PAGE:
© Reuters. Charting the Global Economy: Inflation Hits a Record in Europe
(Bloomberg) — Record inflation in the euro zone is seen fueling the European Central Bank’s tightening debate at this coming week’s policy meeting, where officials are expected to end asset purchases and lay the ground for an interest-rate liftoff next month.
In the US, employment growth remained solid in May and suggested the economy is holding firm as the Federal Reserve hikes interest rates. Ukraine, Canada and Kenya were among central banks that raised borrowing costs to combat soaring inflation.
Meanwhile, Chinese officials are pursuing measures to shore up a shaky economy, and Brazil’s first-quarter economic growth proved disappointing.
Here are some of the charts that appeared on Bloomberg this week on the latest developments in the global economy:
Euro-zone inflation accelerated to an all-time high. The gap between the highest and lowest inflation rates among the currency bloc’s 19 members has also jumped to its widest ever. The scale ranges from Malta — where consumer prices advanced 5.6% last month, to Estonia — where inflation hit 20.1%. That’s a difference of more than 14 percentage points, more than at any time since the dawn of the euro in 1999.
Italy has one of the lowest levels of labor participation in Europe, which may prove among the trickiest challenge for the EU to fix with its 200 billion-euro Recovery Fund effort.
Joining the euro is actually a condition of signing up to the European Union, though the Czech Republic, Hungary, Poland and Sweden don’t seem interested. Meanwhile Denmark, which clinched an opt-out on acceding before the dawn of the currency, isn’t budging either.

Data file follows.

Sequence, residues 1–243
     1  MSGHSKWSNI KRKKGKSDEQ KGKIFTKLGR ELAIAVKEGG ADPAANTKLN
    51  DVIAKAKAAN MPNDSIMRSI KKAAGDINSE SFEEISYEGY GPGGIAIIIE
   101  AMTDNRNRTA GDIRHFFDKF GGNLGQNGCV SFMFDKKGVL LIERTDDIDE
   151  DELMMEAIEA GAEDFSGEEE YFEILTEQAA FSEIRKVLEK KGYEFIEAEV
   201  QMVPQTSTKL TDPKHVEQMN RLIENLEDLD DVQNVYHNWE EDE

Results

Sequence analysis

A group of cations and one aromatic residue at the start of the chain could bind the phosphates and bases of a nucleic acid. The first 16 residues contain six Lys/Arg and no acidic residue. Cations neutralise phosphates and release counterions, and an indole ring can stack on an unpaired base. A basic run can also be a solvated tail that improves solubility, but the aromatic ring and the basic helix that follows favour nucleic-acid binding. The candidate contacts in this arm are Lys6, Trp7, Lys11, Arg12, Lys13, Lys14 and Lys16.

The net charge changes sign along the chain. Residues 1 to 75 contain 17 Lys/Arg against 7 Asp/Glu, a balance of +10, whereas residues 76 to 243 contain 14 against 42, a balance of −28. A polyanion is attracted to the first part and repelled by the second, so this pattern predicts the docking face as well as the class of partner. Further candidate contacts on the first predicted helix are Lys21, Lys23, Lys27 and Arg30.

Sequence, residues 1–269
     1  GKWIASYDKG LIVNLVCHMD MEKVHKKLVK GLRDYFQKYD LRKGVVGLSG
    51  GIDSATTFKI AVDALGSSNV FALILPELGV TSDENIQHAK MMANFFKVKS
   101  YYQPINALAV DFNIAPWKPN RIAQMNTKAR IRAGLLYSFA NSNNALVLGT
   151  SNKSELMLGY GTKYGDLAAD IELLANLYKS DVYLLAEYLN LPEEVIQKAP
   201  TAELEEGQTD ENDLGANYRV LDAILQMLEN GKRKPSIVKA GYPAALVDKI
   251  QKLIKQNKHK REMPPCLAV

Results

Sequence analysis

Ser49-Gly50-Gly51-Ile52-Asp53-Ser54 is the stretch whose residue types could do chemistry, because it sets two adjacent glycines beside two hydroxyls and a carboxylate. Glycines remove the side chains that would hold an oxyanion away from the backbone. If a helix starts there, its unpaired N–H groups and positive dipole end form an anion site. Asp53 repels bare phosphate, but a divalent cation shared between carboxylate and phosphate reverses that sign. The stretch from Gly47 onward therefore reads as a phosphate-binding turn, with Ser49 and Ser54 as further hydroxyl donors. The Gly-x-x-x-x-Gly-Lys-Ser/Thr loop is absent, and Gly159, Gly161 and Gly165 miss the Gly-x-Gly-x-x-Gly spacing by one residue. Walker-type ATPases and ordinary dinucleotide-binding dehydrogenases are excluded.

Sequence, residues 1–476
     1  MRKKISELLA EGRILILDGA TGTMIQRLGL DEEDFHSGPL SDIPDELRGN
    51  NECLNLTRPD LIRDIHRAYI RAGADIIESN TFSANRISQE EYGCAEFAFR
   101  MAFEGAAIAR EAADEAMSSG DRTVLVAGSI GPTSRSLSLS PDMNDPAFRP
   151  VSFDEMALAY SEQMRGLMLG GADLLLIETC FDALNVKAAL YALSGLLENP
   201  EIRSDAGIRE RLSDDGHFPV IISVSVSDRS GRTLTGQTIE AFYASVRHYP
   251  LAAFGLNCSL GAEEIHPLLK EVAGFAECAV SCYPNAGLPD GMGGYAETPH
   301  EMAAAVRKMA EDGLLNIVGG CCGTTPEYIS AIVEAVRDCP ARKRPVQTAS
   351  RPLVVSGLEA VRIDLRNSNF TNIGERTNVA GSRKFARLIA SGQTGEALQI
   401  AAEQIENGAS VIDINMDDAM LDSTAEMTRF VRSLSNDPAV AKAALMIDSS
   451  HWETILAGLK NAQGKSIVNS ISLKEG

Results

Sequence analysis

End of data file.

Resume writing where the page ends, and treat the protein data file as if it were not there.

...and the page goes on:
Employers hired at a robust clip in May while wage gains held firm, suggesting the economy continues to power forward as the Fed raises interest rates at a steep pace to tame red-hot inflation.
High schoolers and their parents are increasingly questioning whether a traditional four-year college education is the right financial decision, with rising costs often resulting in crippling student-loan debt.
Ukraine more than doubled its interest rate with a 1,500 basis-point hike that lifts the benchmark to 25%. Officials are reactivating policy tools to stem inflation and shield the currency battered by the Russian invasion. Canada, Kenya and Hungary were also among central banks boosting rates this week.
Global food prices stayed near a record as Russia’s invasion of Ukraine disrupted trade, fueling hunger and worsening a cost-of-living crisis. Russia’s blockade of key Black Sea ports has exacerbated supply-chain turmoil, sending prices soaring and prompting the United Nations to warn that food shortages may spur millions of people to migrate.
Chinese officials have vowed to carry out a slew of government policies to stimulate growth following Premier Li Keqiang’s recent call to avoid a Covid-fueled economic contraction this quarter.
As the world climbs out of the pandemic, economists warn of a troubling data point: Failing to restore jobs for women — who have been less likely than men to return to the workforce — could lop trillions of dollars off global economic growth. The forecast is particularly bleak in developing countries like India.
With inflation at 58% and accelerating, Argentina’s $500 billion economy is an outlier even in a world where prices are taking off almost everywhere. It’s not just a pandemic-era problem: while the historical statistics are suspect, Argentina hasn’t had single-digit inflation in at least a decade.
Venezuela’s government is quietly rolling back a decades-long policy of subsidizing electricity, water, gas and road tolls to shore up fiscal accounts, shifting the costs to businesses and individuals long accustomed to cheap utilities.
Brazil’s economy grew less than expected in the first quarter in another setback to President Jair Bolsonaro as he readies his re-election bid.
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